Current Debt Crisis – A high stakes game of “Chicken”?

19 07 2011

by Michael Carignan, CFP®, CRPC®

Do you remember watching the old classic movies where two guys get in a  fight over a girl and they head out to the quarry for a game of chicken?  If you do, you might see some similarities to what’s going on in Washington right now.  The difference this time, however,  are the consequences for all of us if neither one of them blinks.  The controversy in Washington is loud and filling the airwaves with political rhetoric and scare tactics.  And, if you listen to the media, there might be some potentially disastrous consequences if our elected officials don’t come to an agreement soon.  So we thought it would be helpful to analyze this issue, try to understand what is going on, then turn to the history books to see if something like this has happened before and how it turned out.

While the current situation certainly can be frustrating, it actually is the result of the checks and balances built into our constitution.  While the President can authorize actions and spending bills,  it is up to the Congress to actually finance them.  Right now there is a disagreement between house Republicans – who hold a majority, and the President on how much is reasonable to spend and on what.  Without going into the individual spending priorities for each of them and their merits, let’s just address the most basic elements.  The President would like to spend more and raise taxes to cover the current spending needs – while the house Republicans want to cut spending dramatically (~$2T over 10 years) with no tax increases.  Each side of the argument has valid points, but neither side seems willing to compromise enough to make a deal at this point.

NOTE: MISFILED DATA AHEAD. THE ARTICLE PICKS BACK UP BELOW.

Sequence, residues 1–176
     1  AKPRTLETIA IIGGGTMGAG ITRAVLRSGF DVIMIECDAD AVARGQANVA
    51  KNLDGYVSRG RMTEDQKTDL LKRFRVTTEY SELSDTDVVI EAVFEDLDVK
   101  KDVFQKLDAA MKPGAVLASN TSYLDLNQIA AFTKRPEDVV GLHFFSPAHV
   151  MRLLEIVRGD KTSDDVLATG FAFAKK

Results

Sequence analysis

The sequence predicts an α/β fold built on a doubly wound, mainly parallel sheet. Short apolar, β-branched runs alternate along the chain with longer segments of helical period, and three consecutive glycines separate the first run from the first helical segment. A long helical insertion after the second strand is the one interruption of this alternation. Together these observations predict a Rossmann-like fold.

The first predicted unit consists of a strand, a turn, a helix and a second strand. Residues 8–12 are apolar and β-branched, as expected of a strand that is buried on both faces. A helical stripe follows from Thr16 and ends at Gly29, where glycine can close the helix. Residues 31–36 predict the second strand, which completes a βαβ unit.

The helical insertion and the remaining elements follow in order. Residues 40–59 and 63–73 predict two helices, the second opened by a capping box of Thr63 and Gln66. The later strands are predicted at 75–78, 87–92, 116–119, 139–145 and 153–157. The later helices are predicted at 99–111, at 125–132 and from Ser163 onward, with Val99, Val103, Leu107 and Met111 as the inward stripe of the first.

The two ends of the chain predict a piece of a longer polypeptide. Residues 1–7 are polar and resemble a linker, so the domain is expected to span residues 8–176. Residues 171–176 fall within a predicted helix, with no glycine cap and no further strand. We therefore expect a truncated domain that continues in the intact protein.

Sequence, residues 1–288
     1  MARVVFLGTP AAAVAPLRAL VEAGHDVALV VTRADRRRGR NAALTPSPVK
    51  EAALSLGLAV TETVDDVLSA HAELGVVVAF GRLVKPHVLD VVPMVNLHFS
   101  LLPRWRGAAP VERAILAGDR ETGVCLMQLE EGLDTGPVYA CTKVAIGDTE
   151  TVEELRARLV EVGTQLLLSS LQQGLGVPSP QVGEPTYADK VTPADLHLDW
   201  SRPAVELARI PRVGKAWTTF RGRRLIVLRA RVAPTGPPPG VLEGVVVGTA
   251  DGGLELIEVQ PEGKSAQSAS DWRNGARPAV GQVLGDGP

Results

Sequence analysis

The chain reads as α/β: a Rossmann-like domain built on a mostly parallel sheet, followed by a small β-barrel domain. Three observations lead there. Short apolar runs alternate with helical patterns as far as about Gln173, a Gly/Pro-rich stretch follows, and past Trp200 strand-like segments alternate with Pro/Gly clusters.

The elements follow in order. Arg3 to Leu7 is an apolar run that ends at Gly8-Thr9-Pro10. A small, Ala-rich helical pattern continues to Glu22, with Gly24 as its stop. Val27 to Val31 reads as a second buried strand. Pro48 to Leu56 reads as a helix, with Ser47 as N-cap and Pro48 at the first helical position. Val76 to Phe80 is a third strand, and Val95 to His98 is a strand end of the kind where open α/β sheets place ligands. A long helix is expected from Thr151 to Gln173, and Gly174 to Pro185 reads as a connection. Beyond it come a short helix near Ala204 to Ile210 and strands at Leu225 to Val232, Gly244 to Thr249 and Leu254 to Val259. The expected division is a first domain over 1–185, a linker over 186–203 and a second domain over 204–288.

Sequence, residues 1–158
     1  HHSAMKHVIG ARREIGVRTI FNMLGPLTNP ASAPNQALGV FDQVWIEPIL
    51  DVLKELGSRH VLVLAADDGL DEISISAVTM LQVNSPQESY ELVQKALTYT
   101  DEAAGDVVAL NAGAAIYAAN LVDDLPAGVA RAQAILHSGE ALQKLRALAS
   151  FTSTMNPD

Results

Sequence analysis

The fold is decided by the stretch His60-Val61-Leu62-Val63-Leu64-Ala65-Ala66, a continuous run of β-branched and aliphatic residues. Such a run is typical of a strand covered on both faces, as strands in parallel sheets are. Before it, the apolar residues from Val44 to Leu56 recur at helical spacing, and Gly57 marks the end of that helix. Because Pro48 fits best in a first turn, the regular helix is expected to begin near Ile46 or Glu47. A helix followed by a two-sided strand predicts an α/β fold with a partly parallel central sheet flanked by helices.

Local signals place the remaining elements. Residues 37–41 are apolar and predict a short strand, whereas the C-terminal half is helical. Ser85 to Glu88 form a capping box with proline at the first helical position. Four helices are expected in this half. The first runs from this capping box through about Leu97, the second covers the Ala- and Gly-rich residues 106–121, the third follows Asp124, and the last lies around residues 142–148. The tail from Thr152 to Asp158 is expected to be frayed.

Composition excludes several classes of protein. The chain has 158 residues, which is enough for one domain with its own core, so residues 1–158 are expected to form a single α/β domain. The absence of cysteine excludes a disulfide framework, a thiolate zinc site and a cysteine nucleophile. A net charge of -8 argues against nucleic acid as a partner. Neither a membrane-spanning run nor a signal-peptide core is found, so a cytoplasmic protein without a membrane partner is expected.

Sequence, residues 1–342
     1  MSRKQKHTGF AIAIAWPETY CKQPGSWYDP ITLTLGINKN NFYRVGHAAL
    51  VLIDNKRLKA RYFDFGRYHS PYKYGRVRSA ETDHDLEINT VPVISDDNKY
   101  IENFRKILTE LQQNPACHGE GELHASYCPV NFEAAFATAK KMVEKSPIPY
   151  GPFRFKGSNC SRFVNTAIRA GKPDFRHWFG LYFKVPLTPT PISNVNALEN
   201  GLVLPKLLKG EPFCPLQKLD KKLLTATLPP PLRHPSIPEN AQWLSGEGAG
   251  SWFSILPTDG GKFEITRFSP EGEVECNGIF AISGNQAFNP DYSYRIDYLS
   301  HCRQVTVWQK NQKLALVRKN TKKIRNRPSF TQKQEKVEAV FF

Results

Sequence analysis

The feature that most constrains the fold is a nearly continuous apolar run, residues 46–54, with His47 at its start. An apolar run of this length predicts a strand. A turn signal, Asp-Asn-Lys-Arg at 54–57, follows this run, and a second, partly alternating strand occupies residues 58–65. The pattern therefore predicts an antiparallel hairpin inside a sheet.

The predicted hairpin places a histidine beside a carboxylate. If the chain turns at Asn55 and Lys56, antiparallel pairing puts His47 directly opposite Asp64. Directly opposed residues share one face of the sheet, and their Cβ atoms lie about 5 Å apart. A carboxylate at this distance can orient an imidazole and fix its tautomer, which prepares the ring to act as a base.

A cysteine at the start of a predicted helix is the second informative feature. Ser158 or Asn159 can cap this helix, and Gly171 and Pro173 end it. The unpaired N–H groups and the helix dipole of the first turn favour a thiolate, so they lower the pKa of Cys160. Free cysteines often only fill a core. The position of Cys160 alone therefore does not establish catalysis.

In the press, we are hearing that if the debt ceiling increase is not approved then the US Government is going to default on its obligations.  What does that actually mean?  The most common things we’ve heard are that the government will stop paying soldiers, medicare benefits and/or social security benefits.  What does that make people feel?  “PANIC”!  Even worse, we hear there may be a full default on US treasury debt across the board.  More PANIC!  The news evokes a significant emotional response, with the intent of making the audience watch more of the TV news to see if anything has happened in the last 30 minutes to change the situation!   Can either of these scenarios happen?  Yes, but let’s put it in simpler terms to try to understand the entire issue.

Let’s say a husband and wife are looking at bills coming due over the next few months and realize they are coming up short on money in the bank, because of a combination of things (say, medical costs, car repairs and overspending on luxury items). The wife refuses to let more money go onto the credit cards unless the husband agrees to reduce spending.  He still wants to keep going out to eat and tells her she needs to get a second job.  Neither of them want to relent and they keep getting closer and closer to the date they will have to pay the bills and still no agreement to increase the credit card limit.  What do they do? Do they refuse to pay ALL of their bills across the board and shut down the household? Do they declare bankruptcy?  Or is it more likely they will decide which bills have priority, and which ones, if not paid right away, are least likely to cause permanent damage and delay paying on those?